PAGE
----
If there is one thing the general public is familiar with when the use of artificial intelligence than it is facial recognition. Whether it is opening their mobile phone or the algorithms Facebook uses to find eyes or other parts of a face in images, facial recognition has become a standard.
But now scientists dealing with complex questions like the composition of the universe are starting to use a modified version of the ‘standard’ facial recognition in an attempt to discover how much of the dark matter there is in the universe and where it is possibly located.
As Digital Trends and Futurity note in their reports on the subject, “physicists believe that understanding this mysterious substance is necessary to explain fundamental questions about the underlying structure of the universe.”
It is the researchers gathered in Alexandre Refregier’s group at the Institute of Particle Physics and Astrophysics at ETH Zurich, Switzerland that has started to use deep neural network methods that lie behind facial recognition to develop new, special tools to attempt to discover what is still a secret of the universe for us.
As Janis Fluri, one of the researchers working on the project told Digital Trends, “The algorithm we [use] is very close to what is commonly used in facial recognition,” adding that“the beauty of A.I. is that it can learn from basically any data. In facial recognition, it learns to recognize eyes, mouths, and noses, while we are looking for structures that give us hints about dark matter. This pattern recognition is essentially the core of the algorithm. Ultimately, we only adapted it to infer the underlying cosmological parameters.”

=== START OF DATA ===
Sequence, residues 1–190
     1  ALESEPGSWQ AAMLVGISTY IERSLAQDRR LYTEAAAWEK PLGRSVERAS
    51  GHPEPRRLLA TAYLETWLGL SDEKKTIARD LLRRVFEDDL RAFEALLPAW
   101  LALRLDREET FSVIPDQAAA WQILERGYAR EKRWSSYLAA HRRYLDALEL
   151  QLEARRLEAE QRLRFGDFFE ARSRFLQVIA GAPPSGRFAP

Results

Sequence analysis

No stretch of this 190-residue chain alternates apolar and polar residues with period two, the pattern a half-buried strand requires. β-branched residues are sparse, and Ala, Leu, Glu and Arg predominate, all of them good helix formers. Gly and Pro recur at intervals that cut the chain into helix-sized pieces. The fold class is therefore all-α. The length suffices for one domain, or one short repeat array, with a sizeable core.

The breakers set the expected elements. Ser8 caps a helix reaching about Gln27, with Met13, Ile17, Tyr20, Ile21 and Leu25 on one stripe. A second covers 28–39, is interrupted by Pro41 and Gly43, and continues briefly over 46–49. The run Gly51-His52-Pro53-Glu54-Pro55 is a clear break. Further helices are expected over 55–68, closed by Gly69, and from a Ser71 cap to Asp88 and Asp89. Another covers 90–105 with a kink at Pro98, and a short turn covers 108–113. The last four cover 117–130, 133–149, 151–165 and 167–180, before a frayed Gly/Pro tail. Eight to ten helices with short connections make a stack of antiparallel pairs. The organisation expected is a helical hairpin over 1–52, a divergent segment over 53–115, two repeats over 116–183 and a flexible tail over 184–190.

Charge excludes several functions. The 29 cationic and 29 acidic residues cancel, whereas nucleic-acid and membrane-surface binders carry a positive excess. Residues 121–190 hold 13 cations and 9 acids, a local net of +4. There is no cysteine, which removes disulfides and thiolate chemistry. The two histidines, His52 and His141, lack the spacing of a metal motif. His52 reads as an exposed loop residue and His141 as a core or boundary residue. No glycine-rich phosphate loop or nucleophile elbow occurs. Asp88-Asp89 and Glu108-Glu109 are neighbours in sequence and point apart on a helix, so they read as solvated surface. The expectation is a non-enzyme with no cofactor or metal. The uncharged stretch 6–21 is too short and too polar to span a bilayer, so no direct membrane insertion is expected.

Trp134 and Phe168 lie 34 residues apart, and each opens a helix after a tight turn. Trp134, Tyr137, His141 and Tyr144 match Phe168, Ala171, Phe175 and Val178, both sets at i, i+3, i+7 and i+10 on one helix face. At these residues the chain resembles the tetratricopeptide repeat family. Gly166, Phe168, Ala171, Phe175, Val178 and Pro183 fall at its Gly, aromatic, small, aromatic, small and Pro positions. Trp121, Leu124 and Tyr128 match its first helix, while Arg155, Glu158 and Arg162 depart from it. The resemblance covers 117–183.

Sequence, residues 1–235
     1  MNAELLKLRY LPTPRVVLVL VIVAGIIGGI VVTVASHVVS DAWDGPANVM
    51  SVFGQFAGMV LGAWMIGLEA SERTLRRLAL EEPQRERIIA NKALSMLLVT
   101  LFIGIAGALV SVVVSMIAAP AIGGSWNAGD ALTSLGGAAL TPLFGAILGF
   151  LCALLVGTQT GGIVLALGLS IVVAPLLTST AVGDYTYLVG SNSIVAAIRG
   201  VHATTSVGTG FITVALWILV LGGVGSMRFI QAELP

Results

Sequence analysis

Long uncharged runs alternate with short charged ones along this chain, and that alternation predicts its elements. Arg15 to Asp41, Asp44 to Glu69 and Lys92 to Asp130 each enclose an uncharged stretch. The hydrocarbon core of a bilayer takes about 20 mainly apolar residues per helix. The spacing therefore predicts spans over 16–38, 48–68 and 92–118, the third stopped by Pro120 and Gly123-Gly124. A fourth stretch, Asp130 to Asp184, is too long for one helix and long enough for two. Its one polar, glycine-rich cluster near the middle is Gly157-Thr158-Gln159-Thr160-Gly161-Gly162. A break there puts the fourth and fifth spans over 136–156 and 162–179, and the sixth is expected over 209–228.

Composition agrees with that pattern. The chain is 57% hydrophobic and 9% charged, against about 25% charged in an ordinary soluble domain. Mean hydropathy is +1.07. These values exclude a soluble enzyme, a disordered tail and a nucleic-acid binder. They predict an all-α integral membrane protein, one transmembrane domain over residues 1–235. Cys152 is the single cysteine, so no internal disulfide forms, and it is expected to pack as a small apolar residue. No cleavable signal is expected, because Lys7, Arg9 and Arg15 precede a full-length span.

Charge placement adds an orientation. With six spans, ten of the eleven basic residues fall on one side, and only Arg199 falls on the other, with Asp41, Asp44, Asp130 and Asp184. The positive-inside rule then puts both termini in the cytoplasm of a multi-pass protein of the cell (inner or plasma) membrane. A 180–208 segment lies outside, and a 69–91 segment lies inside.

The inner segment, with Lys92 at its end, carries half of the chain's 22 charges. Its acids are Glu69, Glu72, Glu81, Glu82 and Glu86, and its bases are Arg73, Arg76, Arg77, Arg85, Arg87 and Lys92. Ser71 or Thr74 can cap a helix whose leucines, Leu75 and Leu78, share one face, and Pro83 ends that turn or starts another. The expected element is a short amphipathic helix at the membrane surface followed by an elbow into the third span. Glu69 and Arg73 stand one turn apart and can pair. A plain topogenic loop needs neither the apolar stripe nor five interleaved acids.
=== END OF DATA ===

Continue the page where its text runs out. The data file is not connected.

As is explained, the scientists hypothesize that dark matter accounts for around 27% of the universe, outweighing visible matter by a ratio of approximately six to one. The theory also goes that dark matter gives the galaxies “ the extra mass they require to not tear themselves apart like a suicidal paper bag. It is what drives normal matter in the form of dust and gas to collect and assemble into stars and galaxies.”
What the researchers are looking for are the areas around the clusters of galaxies that appear warped. By using reverse-engineering “they can then isolate where they believe the densest concentrations of matter, both visible and invisible, can be found.”
Fluri and Tomasz Kacprzak, another researcher in the group explained that they trained their neural network feeding it computer-generated data that actually simulates the universe. Their repeated analysis of the dark matter maps gave them the possibility to extract ‘cosmological parameters’ from the real images of the sky.
The results they achieved by comparing them to standard methods used in this process showed a 30% improvement, based on human-made statistical analysis. As Fluri explained, “the A.I. algorithm needs a lot of data to learn in the training phase. It is very important that this training data, in our case simulations, are as accurate as possible. Otherwise, it will learn features that are not present in real data.”
After training the network they fed it actual dark matter maps obtained from KiDS-450 dataset, made using the VLT Survey Telescope (VST) in Chile. This dataset covers a total area of some 2,200 times the size of the full moon and contains records of around 15 million galaxies.
As Futurity explains, by repeatedly analyzing the dark matter maps, the neural network taught itself to look for the right kind of features in them and to extract more and more of the desired information.“In the Facebook analogy, it got better at distinguishing random oval shapes from eyes or mouths.”
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